“Why the hell would she want to go with you to a comic shop? Not exactly the most welcoming place for a woman — particularly a woman this hot.”

Now, if you’ve read the blurb, you know Archer lives with a disability. Which one? Good question, I have no clue. He uses a wheelchair and is also able to use braces and canes on occasion, and the author says this:

“I never outright mention his condition in the text, but I used Becker muscular dystrophy as the reference. I live with a disabled person and used a lot of what the person goes through for reference.”

I have to say that I feel conflicted about the not mention of the cause. On one hand, I think the person is what matters and not his disability, but on the other hand, most muscular dystrophies have other consequences than just the weakening of the legs and pelvis muscles, and those might be important for the story and the character. For instance, at some points Archer is out of breath when he tries to stand up, is that because of just the effort he’s doing, or because his lungs are affected (like they might be in some of these disabilities). You know what I mean? It felt to me that the only thing mentioned about his condition was how he needed to use a wheelchair, and not much more. I wanted to know more about him, and I wanted to see how he dealt with it, and to be honest, I didn’t feel like he had come to terms with his condition.

I had issues with all the other characters in this book too. Archer’s mother babies him to an extreme, thinking that he isn’t capable of living on his own, or take control of his own life. Sad thing? His own “friends” think the exact same thing. Her friends are all judgmental and self absorbed.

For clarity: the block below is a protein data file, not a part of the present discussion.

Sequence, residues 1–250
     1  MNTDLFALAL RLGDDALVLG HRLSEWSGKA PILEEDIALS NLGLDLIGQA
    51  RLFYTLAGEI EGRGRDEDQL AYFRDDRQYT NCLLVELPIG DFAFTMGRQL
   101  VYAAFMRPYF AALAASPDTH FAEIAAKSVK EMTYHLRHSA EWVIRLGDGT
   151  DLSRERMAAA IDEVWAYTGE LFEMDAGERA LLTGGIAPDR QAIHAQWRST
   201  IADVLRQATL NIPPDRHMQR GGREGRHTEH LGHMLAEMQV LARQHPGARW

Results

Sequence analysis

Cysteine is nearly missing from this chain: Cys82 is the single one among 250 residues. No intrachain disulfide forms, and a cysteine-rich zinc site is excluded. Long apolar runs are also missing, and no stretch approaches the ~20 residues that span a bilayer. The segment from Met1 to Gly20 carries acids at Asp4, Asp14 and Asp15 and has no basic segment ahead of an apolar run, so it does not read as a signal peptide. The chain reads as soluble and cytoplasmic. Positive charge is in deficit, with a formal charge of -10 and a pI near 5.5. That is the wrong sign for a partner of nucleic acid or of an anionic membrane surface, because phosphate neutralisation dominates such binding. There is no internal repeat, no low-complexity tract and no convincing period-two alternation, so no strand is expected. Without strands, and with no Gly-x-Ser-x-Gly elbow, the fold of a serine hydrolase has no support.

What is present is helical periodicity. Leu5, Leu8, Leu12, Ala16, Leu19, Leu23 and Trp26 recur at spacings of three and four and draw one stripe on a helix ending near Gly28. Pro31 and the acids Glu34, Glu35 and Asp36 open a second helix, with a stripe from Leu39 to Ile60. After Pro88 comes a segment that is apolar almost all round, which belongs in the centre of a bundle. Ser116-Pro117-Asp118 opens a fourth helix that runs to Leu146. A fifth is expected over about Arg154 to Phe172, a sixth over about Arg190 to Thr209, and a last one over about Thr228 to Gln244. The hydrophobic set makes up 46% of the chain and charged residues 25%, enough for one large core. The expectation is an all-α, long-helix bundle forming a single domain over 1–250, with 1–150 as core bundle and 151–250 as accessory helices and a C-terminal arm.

“But with me, you decide it’s necessary to call in the bomb squad?”
“You, you’re…”
He nodded at him and looked him once over, as if taking in his form in the chair for the first time.
“I have a disability; I’m not dying.”

Then we have the plot, and it is all over the place. The rough plot is she’s kind of lost, they meet, they fall in “love”, she’s afraid to get all in because she doesn’t know how her life is going to be, they fight, she finds her way, they make up.

But my biggest issue with all of this was the romance and falling in love part. They meet, and within a week he’s totally smitten and she’s using him. Yep, I said it, I felt like she used him. She thought he was hot, he told her he had never kissed anyone, she decided she was going to be the first. After that she came on to him – hard – and they had sex. Look, I’m all for a strong and independent woman, but she had no consideration or gave a second thought to his feelings and how the experience would impact him. Later on she says she hadn’t realized he was a virgin, but come on… he had said the day before that he had never kissed anyone!!! Then her only concern is if he’s going to get clingy, like so many people get to their first lover.  Am I the only one that has an issue with this?

“Because she knew from experience that former virgins tended to get a little too attached to their cherry-poppers.”